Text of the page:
The reality of the situation is a good deal more grim as, for more than a decade, the East Turkestan Islamic Movement has used political platforms to argue for genuine autonomy for Xinjiang, while militant groups like the Turkestan Islamic Party have taken up arms.
Beijing’s propaganda arms have been left trying to square the circle of merry Uighers delighted to receive China’s paternal attentions and guidance, while blaming all violence on “foreign influences.”
The Uighers are a Turkic people of Indo-European origin whose arrival in the vast, arid region of what is now Xinjiang was part of the ebb and flow of various peoples across the expanse of Central Asia in the last 2,000 years and more.
China’s claim to Xinjiang, like its claim to Tibet and various other disputed territories, is based on its relationship with neighbouring states during the imperial Qing dynasty from the mid-1600s to its collapse in 1911. China’s neighbours often paid tribute to the Qing emperors, asked their advice, and in return were usually treated benevolently as vassal states.
In the 19th century, China took direct control of eastern Xinjiang – the name means New Territory, which emphasises its colonial status. But in the chaos of the collapse of the Qing dynasty, control of the region was taken over in 1912, by a warlord, Yang Zengxin. After his assassination in 1928, Xinjiang became briefly independent until it was again carved up by Chinese warlords and Soviet Russians.
With Moscow’s acceptance, Mao Zedong’s victorious Communists marched into Xinjiang in 1949. Since then Beijing has pursued a policy of repression of any aspects of Uigher culture seen as a threat to Chinese rule, especially religion, in tandem with economic development, based on encouraging and subsidizing Han Chinese settlers.
Uighers now make up only 45 per cent of Xinjiang’s 22 million people. It is this influx of economically privileged Chinese and their overwhelming of the Uighers in their own country which, as much as the cultural repression, has inspired the violence that started in the 1990s.
Xinjiang borders eight countries, five of them – Pakistan, Afghanistan, Kazakhstan, Kyrgyzstan, and Tajikistan – predominantly Muslim. Political activism in Xinjiang has thus inevitably been influenced by the rise of militant Islam stemming from Moscow’s invasion of Afghanistan in 1979.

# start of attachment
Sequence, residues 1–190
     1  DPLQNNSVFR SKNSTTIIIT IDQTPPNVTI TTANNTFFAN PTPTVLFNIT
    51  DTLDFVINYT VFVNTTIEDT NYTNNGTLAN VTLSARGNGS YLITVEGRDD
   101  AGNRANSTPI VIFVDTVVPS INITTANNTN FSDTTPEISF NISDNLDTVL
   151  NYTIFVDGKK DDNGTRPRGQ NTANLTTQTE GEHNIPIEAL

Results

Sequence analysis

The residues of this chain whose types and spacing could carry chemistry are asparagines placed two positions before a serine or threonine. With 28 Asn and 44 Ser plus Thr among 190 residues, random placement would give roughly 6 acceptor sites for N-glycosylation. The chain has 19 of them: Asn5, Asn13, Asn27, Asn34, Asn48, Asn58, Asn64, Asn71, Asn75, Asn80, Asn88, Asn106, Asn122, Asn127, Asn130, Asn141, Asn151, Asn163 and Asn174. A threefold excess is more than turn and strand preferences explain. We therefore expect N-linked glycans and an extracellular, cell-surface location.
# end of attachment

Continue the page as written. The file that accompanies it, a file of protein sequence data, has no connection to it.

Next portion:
As Chinese repression in Xinjiang has increased, hundreds of Uighers have fled across the borders into Afghanistan and the lawless north-western tribal areas of Pakistan. Here they have been welcomed and become closely allied with both the Afghan and Pakistan Taliban groups as well as with what remains of al-Qaida in the region.
The Reuters news agency reported today that Pakistan intelligence officers say they believe there are about 400 Uigher fighters in the North Waziristan district, while Afghan Taliban sources say there are 250 Uigher militants in Afghanistan’s Nuristan and Kunar provinces.
Beijing continues to urge its ally, Pakistan, to hand over Uigher militants, and Islamabad has done so when possible, but it does not control the area where most of the fighters are hiding out.
The Chinese government’s policy toward Xinjiang, which it also applies to Tibet, of intense security deployment tempered by massive economic investment, can keep the situation under control for a while. But as China’s economy enters a downturn, restricting the government’s ability to give subsidies, and as repression breeds growing Uigher militancy, this approach will become more and more difficult to sustain.
Copyright © Jonathan Manthorpe 2014